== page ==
Today’s post takes me back about 16 years. Back to when I first started working (gosh I feel old now). Back then, our meals were taken care off by the work place. And for me that was novelty because growing up we almost never ate out. My mum would cook up every meal and snack for us at home and as kids we were content with that. But eating in the office cafeteria was interesting. Here, I was introduced to such a variety of food from different parts of the country (India). But I wasn’t too keen on cooking then. During those days I only enjoyed making our traditional Goan sweets (Kuswar) for Christmas and other Goan sweets that my Nana would whip up for us for afternoon tea or an after school snack.
One of the dishes I encountered in the office cafeteria, that eventually became a favorite, was Methi Malai Matar (meaning Grean Peas in a Creamy fenugreek gravy.) It has strong Indian flavors but is mildly spiced. After moving to Sydney, I began craving some of this stuff. And it was only then I decided I was going to have to learn to make this dish myself, much like I had to learn so many other Indian recipes that I wanted to enjoy. Now the challenge was finding fresh Fenugreek leaves. The only place I’ve found fresh leaves is at one vendor at the Paddy’s Market in Flemington. But that’s a long drive from us. So I thought I’d try and find a recipe that used dried leaves (known as Kasoori Methi) which is easily available at any Indian grocery store. And let me tell you, I found one. I couldn’t believe how easy this little curry is to put together. With just a handful of ingredients, in less than half an hour you can be sitting down to a warm bowl of Methi Malai Matar for dinner. This goes really well with roti / chapatis, but you can also enjoy this with some bread or plain rice.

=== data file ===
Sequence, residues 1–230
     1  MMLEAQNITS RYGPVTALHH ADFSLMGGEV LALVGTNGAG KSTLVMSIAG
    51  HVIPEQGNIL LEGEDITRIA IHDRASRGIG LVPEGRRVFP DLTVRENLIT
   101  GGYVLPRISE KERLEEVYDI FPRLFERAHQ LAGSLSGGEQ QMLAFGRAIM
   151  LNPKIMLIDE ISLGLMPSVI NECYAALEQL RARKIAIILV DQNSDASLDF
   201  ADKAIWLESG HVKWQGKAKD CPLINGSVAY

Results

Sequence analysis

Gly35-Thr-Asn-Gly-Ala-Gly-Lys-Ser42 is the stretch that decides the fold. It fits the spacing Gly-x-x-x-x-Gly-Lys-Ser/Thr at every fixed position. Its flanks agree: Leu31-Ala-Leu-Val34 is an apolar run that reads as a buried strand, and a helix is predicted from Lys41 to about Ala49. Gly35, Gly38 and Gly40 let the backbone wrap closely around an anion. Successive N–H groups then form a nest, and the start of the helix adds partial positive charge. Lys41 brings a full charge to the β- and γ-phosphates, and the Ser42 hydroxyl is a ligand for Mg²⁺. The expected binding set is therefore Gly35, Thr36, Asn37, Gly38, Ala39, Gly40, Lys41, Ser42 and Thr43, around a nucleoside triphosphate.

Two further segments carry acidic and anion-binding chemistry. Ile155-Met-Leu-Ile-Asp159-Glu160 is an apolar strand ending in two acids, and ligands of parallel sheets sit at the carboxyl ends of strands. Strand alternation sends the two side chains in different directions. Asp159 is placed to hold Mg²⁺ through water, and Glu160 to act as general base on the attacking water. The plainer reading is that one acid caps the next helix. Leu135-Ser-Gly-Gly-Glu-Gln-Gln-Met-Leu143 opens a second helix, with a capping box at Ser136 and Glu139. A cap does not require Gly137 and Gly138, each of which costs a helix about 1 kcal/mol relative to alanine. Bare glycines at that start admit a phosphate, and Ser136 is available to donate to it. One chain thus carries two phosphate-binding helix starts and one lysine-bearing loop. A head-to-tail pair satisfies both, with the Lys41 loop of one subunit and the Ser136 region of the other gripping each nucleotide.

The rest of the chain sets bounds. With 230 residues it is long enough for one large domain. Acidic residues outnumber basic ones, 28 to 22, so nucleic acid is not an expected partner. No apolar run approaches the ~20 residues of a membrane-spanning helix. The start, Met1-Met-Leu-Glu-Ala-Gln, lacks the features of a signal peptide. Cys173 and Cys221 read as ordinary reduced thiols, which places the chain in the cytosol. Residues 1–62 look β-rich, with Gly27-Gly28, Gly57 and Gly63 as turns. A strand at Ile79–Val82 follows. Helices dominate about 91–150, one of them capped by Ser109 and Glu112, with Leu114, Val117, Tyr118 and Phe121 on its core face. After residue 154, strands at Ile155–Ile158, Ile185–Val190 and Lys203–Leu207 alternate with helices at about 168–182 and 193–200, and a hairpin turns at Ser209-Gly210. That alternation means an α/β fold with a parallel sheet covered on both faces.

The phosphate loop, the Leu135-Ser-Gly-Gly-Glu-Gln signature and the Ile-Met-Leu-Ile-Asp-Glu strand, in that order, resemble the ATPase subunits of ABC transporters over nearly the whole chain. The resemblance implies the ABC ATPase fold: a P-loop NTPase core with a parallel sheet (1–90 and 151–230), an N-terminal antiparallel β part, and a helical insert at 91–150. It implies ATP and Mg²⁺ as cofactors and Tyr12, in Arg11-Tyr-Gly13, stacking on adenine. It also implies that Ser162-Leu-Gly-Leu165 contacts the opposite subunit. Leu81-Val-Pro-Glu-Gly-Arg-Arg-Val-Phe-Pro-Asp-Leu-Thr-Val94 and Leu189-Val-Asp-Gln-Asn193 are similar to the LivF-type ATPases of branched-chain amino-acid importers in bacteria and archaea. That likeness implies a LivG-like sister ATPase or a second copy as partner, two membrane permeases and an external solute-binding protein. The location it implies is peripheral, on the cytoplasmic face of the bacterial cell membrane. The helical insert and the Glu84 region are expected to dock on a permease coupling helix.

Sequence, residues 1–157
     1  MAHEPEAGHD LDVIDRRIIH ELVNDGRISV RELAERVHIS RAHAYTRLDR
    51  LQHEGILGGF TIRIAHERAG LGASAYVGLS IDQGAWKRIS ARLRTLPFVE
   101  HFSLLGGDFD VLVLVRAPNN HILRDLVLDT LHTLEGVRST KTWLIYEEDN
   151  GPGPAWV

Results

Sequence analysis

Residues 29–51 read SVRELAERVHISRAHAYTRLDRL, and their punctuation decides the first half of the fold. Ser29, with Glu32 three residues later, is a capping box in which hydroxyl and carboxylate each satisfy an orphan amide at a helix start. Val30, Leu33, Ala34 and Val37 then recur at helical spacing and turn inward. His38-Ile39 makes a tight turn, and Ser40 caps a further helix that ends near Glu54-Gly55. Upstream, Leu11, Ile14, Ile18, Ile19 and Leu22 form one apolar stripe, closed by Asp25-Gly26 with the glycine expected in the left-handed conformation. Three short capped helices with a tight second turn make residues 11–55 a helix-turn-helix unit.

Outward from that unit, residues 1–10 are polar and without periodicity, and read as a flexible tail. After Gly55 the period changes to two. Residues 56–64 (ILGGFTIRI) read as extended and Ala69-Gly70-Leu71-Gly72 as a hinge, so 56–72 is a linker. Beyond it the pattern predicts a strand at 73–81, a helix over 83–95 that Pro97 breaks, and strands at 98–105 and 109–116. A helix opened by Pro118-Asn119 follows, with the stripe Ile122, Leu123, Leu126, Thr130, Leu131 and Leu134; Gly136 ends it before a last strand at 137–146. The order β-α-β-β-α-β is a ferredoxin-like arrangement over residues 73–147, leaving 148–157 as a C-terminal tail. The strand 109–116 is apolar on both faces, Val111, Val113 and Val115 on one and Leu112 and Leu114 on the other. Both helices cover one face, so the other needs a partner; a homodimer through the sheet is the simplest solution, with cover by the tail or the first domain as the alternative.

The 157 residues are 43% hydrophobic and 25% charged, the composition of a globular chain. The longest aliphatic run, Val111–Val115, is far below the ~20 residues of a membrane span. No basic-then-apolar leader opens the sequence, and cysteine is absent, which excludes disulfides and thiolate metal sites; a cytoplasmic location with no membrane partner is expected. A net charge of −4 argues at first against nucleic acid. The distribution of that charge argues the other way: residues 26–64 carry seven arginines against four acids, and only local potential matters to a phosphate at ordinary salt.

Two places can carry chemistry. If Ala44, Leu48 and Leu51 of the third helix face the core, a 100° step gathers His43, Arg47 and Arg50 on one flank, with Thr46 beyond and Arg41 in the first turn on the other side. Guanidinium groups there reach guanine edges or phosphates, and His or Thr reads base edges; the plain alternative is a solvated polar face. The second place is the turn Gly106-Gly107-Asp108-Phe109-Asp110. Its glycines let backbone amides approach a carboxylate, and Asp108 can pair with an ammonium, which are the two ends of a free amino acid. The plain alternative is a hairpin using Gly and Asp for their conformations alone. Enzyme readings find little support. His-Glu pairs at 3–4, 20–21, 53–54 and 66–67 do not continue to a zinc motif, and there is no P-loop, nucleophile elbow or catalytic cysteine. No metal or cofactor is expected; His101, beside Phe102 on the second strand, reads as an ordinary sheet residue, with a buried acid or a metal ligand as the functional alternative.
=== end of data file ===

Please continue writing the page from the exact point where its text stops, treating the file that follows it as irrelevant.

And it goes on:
Methi Malai Matar
1 cup green peas (fresh or frozen will both work, if using frozen let it thaw before using)
3 tbsp Kasoori Methi
1 onion, finely chopped
1 tsp ginger garlic paste
1/2 tsp Cumin seeds
1 green chilly, finely chopped (optional)
1 cup milk
8 cashew nuts
2-3 tbsp cream
1/2 tsp Garam Masala Powder
1/2 tsp coriander powder
Soak the cashewnuts in a couple of tablespoons of milk for about 15 minutes.
Grind this to a smooth paste and keep aside.
In a pot / saucepan heat the oil on medium heat.
Add the cumin seeds to the oil.
When the cumin seeds start to sizzle, add the ginger garlic paste and green chillies and saute for a minute.
Now, add the chopped onions and saute till they’ve slightly browned.
Add the cashew paste and fry it for a couple of minutes, stirring to avoid burning.
Now add the turmeric powder, coriander powder, red chilly powder and the garam masala powder. Add salt to taste and stir well.
Now add the rest of the milk and stir.
Let it come to a boil and then simmer for about 2-3 minutes and the gravy will start thickening.
Add the cream and stir in.